I yield to few men in my admiration for Hayek and his ideas. His prediction that the welfare state would lead to serfdom, however, has (thus far) not been correct. I don’t think that a carbon tax will be the one event that will push the free world into socialist slavery. But it does seem clear that the same dynamics he described decades ago have re-emerged, simply with a different theoretical justification. The same problems with planning that he highlighted will also be present now.
Taxing carbon to reflect its social costs seems like a common sense idea. Unfortunately, it simply provides another excuse to politicians to raise taxes and exert more power over us. [More]
Both points of view rightly deal with conditions and facts as we know them today. We don't have a cheap technological fix for AGW. Of course, there is no way to factor future technological or cultural changes (lower energy use by simple choice, for example) right now. But wouldn't it be curious if this was the first problem humankind simply labeled "too hard" and dropped entirely? Is there no evidence in history of scientific effort to tackle seemingly intractable problems only to find at least partial and evolving answers?
I would argue that both these points of view would have been just as valid when we began discussion over the Clean Air Act, or the Clean Water Act. And yet, we have admittedly imperfect solutions in place that at the least have decreased the number of news stories about smog alerts and rivers on fire. Have the environmental benefits outweighed the costs of those actions? I believe they demonstrate we can at least mitigate such problems without totally shackling the national or global economy.
The "political nihilism" of Bailey is not the enabling mindset to build a healthy culture around, IMHO. It certainly hasn't been how agriculture has faced its challenges. It seems to me a short step from all-out despair at the human condition and prospects.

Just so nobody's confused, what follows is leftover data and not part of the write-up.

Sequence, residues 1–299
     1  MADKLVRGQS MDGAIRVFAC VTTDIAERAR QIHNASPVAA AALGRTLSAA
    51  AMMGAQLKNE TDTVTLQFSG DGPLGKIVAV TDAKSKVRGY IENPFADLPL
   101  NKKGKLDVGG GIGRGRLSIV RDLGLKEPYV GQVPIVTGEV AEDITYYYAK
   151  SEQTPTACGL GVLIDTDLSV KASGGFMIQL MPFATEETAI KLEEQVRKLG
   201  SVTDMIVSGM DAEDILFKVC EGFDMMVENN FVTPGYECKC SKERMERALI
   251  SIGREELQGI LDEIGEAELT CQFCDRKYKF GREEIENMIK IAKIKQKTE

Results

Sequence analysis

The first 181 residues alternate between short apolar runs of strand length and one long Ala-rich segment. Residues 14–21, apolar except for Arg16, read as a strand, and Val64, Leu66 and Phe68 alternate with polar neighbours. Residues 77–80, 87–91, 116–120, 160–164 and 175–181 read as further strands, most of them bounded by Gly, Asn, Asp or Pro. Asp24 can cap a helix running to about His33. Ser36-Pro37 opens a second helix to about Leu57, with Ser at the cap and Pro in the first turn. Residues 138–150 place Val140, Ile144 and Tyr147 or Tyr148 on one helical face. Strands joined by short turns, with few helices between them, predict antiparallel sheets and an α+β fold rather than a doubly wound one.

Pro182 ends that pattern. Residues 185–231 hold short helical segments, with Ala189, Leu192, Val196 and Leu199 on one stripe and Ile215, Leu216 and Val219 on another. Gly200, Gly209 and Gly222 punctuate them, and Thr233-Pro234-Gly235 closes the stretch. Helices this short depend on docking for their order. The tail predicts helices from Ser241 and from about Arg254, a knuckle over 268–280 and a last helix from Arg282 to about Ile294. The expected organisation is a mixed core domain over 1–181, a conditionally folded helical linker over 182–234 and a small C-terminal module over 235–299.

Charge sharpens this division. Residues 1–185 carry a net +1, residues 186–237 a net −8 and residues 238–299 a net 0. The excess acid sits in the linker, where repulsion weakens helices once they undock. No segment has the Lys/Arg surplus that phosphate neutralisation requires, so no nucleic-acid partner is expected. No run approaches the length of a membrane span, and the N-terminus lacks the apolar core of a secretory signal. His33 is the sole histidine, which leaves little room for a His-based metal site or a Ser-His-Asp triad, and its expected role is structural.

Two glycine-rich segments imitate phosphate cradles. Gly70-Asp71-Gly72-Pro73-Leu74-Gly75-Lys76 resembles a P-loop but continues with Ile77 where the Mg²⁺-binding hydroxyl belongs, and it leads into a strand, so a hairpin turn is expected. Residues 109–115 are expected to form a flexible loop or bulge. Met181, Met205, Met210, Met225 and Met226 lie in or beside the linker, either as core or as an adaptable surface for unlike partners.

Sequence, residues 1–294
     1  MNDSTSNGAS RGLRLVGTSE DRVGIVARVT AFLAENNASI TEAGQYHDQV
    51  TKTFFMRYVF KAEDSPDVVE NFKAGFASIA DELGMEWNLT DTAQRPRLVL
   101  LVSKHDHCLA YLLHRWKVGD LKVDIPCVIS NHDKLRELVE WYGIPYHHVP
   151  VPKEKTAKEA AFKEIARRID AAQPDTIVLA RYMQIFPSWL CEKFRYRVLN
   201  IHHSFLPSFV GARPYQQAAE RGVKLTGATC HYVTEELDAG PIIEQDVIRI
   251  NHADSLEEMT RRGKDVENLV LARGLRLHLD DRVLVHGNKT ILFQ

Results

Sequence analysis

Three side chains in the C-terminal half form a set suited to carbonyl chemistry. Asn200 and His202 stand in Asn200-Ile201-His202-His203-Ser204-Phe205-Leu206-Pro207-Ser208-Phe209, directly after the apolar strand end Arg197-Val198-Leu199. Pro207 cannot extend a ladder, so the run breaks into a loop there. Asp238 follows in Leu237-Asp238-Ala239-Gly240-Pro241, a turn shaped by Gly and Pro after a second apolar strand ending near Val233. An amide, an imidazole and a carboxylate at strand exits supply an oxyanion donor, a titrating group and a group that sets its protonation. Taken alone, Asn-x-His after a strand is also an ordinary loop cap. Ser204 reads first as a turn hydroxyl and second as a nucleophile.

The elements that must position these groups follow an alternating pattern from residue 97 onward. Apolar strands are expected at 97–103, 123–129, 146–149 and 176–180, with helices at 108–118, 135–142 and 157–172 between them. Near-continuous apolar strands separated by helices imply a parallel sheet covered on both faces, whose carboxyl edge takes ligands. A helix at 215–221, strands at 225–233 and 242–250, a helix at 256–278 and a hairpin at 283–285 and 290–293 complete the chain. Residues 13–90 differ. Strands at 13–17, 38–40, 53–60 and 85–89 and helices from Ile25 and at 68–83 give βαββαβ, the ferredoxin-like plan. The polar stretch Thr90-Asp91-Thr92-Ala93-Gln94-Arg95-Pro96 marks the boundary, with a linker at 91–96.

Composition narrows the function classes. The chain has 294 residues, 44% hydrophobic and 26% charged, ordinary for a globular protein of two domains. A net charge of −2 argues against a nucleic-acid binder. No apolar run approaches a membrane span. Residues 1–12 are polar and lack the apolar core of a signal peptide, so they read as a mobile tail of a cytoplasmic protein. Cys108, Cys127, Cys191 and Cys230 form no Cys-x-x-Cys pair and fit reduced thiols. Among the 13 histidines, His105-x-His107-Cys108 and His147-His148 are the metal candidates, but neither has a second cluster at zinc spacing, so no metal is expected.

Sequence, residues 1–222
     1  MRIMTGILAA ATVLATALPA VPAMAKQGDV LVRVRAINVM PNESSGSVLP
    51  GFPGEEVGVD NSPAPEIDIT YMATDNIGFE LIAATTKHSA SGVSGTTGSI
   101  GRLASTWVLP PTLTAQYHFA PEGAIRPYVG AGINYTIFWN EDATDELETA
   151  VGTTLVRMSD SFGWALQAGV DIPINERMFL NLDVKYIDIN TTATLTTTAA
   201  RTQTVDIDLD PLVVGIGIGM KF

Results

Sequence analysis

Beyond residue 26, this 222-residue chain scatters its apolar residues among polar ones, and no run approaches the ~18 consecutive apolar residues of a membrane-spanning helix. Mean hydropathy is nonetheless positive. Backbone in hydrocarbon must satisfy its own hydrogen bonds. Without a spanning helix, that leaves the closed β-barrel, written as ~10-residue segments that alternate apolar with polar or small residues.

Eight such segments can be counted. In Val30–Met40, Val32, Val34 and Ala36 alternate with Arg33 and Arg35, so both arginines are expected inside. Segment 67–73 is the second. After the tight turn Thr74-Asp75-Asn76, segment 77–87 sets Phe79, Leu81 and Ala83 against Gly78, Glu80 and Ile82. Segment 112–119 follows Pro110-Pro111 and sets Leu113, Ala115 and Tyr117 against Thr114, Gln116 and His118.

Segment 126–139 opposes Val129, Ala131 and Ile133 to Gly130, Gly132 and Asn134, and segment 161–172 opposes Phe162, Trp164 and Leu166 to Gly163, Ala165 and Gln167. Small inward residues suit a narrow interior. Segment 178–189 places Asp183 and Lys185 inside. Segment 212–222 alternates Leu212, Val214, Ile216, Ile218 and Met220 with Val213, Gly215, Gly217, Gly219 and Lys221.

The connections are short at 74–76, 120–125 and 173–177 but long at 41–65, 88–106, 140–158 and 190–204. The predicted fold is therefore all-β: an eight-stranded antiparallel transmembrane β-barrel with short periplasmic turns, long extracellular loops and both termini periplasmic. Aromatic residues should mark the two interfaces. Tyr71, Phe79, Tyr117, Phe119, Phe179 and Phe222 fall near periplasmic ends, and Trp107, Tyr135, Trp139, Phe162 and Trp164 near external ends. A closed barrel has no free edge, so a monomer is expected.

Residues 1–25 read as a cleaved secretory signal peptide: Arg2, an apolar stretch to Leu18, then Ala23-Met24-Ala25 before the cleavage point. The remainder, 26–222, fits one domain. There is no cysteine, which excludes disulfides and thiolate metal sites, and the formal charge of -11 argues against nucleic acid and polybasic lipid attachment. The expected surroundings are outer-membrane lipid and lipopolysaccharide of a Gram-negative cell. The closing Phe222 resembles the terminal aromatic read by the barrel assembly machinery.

Both positions are not simply downers, but seem to match up with the pattern someone once noted in AGW skepticism.
- It's a hoax
- It's real, but not caused by humans
- It's real and humans contribute to it
- It's anthropogenic but too hard/expensive to fix.
For agriculture, the most noteworthy aspect of the above arguments is how both readily agree to the idea of external costs of AGW. It would seem the agricultural community is blithely unaware of this widely accepted economic concept. The intense pushback from Farm Bureau and most farmers is based on the naive discovery, "Hey -this won't increase my profits tomorrow!"
At some point somebody needs to 'splain to them the solution to AGW is not supposed to be a profit center for farmers, it's the arrival of a long-overdue bill. Our profession is acting like some unnamed friends of mine who conveniently slip out to the restroom when the bar tab arrives.On September 1st, Energy Citizens, the combined efforts of 23 Illinois farm, industrial, retail and energy associations will host a rally in opposition to proposed Cap & Trade legislation at the Crowne Plaza Hotel in Illinois' capital city, Springfield.The rally is designed to bring public awareness to cap and trade legislation that will cost an estimated 2 million high paying American jobs, raise gasoline and diesel prices, raise electric rates and reduce global competitiveness of American companies. The groups intent is to point out the widespread opposition to cap and trade legislation that will damage the agricultural, manufacturing, retail, energy and transportation industries of Illinois which provide the foundation of Illinois' economy. [More]